• Set the value of keyword.URL to be http://localhost/?s=
  • Now, type pypi cony into your location bar and press ENTER.

Google Chromium

  • Click the "Wrench" to the right of the URL bar.
  • Click "Preferences".
  • Click "Search:", click on "Manage Search Engines".
  • Click "Add".
    • Name: Cony
    • Keyword: c
    • URL: http://localhost:8080/?s=%s
    • OK.
  • Select the "Cony" line.
  • Click "Make Default" in the upper right.
  • Close the window.
  • Type "pypi cony" in the URL bar and press ENTER.

Google Chrome

  • Choose Options from the wrench menu to the right of the location bar in Chrome.
  • Under the section Default Search.
  • Click the Manage button.
  • Click the Add button and then fill in the fields:
    • Name: Cony
    • Keyword: c
    • URL: http://localhost:8080/?s=%s
    • OK.
  • Select the "Cony" line.
  • Click "Make Default" in the upper right.
  • Close the window.
  • Type "pypi cony" in the URL bar and press ENTER.


For Safari you could try to install Keywurl plugin. And add a Cony as default search.

Creating Custom Commands

Cony defines some default commands ("g", "p", and "pypi", as well as a general "help" command). However, you can also create your own commands by placing them in a

If you define a cmd_fallback function (which is probably just set to another function, like cmd_fallback = cmd_g), then this will be used if no other command is matched. If you do not define a "cmd_fallback", then the default "cmd_g" is used, doing a Google search. Similarly, if no cmd_help is defined, a default one will be used which shows the docstrings of the commands.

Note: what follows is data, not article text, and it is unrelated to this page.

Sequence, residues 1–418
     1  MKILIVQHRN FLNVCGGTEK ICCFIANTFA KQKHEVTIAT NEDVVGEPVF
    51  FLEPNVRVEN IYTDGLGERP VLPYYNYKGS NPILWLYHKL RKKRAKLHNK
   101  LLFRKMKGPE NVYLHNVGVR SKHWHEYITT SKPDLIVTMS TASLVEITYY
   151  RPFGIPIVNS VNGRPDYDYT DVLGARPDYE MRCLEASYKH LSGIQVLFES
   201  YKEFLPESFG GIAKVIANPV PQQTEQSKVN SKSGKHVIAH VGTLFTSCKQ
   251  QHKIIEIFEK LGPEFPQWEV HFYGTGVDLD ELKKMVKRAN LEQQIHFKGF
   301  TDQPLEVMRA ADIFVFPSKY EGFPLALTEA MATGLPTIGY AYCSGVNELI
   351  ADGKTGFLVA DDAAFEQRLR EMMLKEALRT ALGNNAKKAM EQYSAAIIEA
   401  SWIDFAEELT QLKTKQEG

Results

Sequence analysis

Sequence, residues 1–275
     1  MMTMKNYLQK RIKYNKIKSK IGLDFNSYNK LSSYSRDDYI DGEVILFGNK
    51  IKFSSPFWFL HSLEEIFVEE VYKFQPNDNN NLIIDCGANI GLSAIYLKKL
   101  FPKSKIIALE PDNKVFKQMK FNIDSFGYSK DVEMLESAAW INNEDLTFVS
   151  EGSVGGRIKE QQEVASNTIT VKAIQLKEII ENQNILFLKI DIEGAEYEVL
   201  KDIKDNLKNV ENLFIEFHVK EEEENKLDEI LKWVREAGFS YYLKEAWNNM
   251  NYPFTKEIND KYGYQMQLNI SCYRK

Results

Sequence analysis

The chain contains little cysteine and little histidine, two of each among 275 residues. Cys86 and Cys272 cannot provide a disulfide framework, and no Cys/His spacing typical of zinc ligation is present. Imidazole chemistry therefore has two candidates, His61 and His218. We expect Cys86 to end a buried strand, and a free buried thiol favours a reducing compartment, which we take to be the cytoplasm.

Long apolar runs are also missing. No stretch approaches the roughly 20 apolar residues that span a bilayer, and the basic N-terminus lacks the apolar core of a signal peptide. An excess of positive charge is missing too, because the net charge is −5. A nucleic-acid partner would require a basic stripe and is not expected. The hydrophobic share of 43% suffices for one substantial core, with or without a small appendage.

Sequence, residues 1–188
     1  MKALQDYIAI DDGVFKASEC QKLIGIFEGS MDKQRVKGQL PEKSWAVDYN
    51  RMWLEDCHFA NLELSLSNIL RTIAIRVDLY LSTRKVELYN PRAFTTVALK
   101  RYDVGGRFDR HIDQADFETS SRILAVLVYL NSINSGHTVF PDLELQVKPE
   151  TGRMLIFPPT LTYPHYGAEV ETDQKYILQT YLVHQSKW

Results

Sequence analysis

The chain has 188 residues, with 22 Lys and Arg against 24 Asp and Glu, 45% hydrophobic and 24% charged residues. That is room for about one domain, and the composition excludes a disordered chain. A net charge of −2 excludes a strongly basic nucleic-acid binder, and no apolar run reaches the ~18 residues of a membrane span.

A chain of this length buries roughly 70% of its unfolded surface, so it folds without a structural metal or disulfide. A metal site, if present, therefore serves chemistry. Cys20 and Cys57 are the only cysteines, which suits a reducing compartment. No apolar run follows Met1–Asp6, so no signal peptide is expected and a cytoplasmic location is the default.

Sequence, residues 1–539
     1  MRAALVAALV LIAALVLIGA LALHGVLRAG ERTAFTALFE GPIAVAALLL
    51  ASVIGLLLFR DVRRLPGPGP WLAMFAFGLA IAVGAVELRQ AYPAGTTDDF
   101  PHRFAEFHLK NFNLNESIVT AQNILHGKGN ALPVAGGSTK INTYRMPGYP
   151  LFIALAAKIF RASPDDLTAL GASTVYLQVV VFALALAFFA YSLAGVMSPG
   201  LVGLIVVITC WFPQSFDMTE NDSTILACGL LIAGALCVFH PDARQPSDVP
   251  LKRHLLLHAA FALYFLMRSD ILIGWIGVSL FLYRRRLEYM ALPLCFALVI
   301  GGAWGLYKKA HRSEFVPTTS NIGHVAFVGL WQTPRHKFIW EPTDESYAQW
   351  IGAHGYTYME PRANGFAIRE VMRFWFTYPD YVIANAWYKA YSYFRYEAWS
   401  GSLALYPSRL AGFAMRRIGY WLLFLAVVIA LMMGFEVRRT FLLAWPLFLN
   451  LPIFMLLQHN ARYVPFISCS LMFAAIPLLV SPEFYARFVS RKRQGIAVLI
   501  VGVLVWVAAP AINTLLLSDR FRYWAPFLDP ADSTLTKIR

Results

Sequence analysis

Cony's default commands can be overridden or turned off. To turn a command off, just assign it none in your cmd_g = None.

Also, commands can be aliased: cmd_tl = cmd_too_long.

For example, here is a simple config that uses the default "g", and "p", but not "pypi" commands, uses the default fallback and help commands (as described above), and creates a "weather" command with an alias "w":

from bottle import redirect
from cony import rich_help

#  local templates
   weather = """
      <p />Display the weather in the specified location.  For example,
      you could enter the following locations:
      <dl class="help">
      %for example in examples:
      <dt><a href="/?s=weather {{ example }}">{{ example }}</a></dt>
      %rebase layout title = 'Weather Help'

def cmd_weather(term):
   '''Look up weather forecast in the specified location.'''
   examples = [ 'Moscow, Russia', 'Fort Collins, Colorado' ]
   if term and term != '--help':
      redirect('' % term)
      #  render the "weather" template defined above, pass "examples"
      return dict(examples = examples)

cmd_w = cmd_weather
cmd_pypi = None

The rich_help() decorator causes the default cmd_help command to generate a clickable link to this command. If a string argument is given, such as rich_help('--help'), then the link adds that argument to the command link. This is meant so that you can have the main help page link to help pages for the individual commands.


  • Alexander Artemenko (author)
  • Sean Reifschneider